The Latest Mobility Breakthrough: a 'Fiat'
Lime, the company that sent electric scooters driven by traffic-unaware short-term renters to every corner of the continent, has a new mobility plan. While e-scooters and bikes are great for travelling short distances in the city (a fact many pedestrians and motorists would disagree with), sometimes you need to go up hills, or perhaps travel further — and with more people — than a two-wheeled conveyance would allow.
What to do? Call on an automotive brand that’s desperate for sales, that’s what. Oh, and those aren’t Fiat 500s. They’re LimePods.
Starting this week, Seattle residents will be able to whip out their phone, tap an app, and locate a Fiat500Pod nearby. It costs a dollar to unlock the car, and 40 cents a minute while you’re behind the wheel. Leave the car at your destination and forget about it, just like a Lime scooter or bike.
As mentioned, Lime calls this service LimePod, which is quite an insult to the poor Fiat 500. However, mobility calls for fancy futurespeak, and Lime has Silicon Valley jargon in spades:
Lime calls these, and I wish I was joking, “a convenient, affordable, weather-resistant mobility solution for communities” pic.twitter.com/727FQmeTbl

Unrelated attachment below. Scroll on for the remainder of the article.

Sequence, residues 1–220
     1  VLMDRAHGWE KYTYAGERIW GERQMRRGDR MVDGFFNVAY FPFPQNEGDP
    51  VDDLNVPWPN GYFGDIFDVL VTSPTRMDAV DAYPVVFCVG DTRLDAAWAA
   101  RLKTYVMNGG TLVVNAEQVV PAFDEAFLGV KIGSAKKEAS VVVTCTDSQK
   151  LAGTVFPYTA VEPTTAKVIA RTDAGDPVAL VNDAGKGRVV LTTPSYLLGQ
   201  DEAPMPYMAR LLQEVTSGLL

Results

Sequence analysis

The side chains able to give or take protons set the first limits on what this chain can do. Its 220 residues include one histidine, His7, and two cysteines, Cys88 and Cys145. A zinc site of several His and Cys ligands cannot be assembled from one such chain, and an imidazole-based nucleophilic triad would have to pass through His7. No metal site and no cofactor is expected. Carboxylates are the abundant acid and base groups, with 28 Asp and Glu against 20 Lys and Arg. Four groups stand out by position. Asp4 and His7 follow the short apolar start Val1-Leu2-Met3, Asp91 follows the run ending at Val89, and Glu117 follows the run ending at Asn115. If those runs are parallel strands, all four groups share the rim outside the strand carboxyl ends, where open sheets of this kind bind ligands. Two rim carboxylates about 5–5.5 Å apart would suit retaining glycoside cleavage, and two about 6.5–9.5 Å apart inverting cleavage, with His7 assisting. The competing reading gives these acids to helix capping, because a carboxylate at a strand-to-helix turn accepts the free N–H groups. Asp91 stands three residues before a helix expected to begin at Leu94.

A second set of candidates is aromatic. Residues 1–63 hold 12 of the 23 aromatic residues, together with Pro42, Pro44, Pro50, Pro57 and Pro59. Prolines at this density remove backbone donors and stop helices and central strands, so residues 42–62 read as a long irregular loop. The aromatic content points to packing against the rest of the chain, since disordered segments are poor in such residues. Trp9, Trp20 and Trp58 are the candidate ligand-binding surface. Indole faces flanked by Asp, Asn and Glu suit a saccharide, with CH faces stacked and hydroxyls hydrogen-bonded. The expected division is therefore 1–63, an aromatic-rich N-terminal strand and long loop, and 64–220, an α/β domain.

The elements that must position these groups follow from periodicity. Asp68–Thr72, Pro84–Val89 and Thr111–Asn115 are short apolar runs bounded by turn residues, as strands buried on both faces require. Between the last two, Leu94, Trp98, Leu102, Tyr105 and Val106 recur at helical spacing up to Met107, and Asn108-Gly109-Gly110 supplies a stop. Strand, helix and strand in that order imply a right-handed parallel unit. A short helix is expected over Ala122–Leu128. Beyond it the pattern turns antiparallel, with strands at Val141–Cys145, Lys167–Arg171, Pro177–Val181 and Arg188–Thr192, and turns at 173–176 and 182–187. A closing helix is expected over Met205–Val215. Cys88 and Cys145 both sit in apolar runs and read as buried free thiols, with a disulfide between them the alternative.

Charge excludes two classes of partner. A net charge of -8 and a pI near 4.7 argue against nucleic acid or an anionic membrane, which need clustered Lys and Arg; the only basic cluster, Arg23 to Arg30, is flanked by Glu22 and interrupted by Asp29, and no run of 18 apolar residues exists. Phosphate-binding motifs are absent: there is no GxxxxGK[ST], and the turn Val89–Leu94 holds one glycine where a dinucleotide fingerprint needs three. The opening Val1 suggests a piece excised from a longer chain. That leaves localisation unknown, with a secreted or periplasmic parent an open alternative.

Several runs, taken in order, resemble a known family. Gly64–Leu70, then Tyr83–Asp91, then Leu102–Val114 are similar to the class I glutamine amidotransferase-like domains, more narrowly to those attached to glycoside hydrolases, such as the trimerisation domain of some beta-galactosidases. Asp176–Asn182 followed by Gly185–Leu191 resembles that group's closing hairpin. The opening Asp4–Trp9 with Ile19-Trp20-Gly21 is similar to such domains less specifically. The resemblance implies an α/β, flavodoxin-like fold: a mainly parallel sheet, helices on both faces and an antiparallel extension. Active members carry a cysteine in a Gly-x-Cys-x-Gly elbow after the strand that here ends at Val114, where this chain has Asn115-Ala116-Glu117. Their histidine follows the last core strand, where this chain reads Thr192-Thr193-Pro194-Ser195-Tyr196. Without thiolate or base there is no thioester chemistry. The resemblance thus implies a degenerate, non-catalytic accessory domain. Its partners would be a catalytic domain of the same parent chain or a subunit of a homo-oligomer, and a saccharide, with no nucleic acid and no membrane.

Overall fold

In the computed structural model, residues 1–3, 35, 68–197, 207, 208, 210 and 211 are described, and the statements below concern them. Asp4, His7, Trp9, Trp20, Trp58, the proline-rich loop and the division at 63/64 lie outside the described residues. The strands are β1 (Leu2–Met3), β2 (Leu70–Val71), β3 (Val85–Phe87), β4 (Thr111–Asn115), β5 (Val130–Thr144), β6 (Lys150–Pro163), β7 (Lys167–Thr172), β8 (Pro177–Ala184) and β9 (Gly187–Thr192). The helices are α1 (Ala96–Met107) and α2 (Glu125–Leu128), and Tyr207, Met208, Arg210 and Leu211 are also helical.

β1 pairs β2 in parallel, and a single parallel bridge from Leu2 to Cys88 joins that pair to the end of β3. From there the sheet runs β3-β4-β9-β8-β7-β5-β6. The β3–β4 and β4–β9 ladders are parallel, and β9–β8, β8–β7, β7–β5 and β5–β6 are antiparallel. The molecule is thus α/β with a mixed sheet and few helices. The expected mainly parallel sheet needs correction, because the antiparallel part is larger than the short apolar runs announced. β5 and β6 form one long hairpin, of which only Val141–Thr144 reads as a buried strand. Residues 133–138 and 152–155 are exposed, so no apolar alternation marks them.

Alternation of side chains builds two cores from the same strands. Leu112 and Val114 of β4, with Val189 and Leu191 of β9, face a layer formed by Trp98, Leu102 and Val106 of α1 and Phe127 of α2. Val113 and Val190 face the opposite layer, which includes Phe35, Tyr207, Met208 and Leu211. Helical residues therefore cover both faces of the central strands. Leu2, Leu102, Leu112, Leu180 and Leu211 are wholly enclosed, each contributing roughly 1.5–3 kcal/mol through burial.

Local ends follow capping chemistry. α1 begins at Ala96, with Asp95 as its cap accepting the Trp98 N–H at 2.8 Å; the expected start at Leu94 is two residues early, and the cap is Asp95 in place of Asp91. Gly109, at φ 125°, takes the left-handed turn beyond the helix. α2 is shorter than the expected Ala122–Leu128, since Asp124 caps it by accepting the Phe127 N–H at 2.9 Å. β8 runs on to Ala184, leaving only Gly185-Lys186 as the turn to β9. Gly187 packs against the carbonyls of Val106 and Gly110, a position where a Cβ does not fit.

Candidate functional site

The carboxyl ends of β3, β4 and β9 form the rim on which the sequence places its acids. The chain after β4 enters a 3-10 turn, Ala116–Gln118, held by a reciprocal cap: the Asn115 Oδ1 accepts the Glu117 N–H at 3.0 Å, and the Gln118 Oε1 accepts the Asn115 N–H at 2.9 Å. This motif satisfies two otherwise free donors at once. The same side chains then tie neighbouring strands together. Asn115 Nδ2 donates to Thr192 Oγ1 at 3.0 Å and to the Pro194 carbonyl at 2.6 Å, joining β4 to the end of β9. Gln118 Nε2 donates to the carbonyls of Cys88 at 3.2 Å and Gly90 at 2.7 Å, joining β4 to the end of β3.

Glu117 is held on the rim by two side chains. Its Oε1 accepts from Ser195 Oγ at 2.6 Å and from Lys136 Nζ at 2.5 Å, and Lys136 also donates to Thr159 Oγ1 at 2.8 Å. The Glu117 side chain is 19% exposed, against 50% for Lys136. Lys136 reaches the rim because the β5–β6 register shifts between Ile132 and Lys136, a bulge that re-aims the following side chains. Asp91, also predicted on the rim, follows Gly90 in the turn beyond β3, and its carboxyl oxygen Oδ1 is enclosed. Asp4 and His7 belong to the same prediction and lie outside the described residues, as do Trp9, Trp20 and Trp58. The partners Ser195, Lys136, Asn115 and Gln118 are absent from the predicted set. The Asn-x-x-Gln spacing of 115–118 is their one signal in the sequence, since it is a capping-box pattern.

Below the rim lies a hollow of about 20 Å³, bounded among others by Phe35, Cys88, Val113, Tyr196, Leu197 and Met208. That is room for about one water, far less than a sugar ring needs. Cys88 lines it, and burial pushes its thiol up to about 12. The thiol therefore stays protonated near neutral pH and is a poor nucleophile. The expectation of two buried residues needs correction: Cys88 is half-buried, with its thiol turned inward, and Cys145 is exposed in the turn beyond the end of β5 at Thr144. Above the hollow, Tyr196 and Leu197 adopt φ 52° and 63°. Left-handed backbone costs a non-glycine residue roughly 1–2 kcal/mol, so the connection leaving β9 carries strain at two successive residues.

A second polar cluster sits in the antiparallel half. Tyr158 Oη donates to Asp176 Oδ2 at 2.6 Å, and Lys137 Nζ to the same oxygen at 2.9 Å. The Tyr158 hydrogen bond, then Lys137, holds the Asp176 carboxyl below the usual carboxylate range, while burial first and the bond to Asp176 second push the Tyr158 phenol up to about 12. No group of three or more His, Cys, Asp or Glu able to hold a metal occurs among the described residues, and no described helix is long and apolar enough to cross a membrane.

— Christopher Mims 🎆 (@mims) November 14, 2018
This kind of “free-floating” car sharing is already in place in certain markets, with companies like Car2Go allowing users to drive and park at random, assuming you have a driver’s license. In Seattle, a city free of Lime scooters but not bikes, the service allows greater penetration for the brand. The company’s starting off with 50 corporate-badged Fiat 500s this week, with plans to field 500 by year’s end and 1,500 by early 2019. If you’re curious, they’re not the denounced-by-Marchionne electric versions. Users can gas up as needed.
In order for users to actually find a place to park, Lime has applied for 500 parking permits from the city of Seattle, Bloomberg reports.
Lime’s intent, like that of other mobility providers, is to give carless folks new options on how to get around, much to the consternation of automakers and municipal transit companies. It’s no wonder OEMs want in on ride-hailing and car-sharing cash. Earlier this year, Lime talked up its plan to dispense “transit pods” on city streets for those who prefer travelling at speeds of up to 40 mph. Those vehicles were imagined as electric, golf cart-like vehicles, but going the Fiat route seems to have been the easier solution, at least in the short term.
After Seattle, Lime has its eye on a major California city as its next LimePod market. Take a wild guess at which mobility-loving municipality the company has in its sights.
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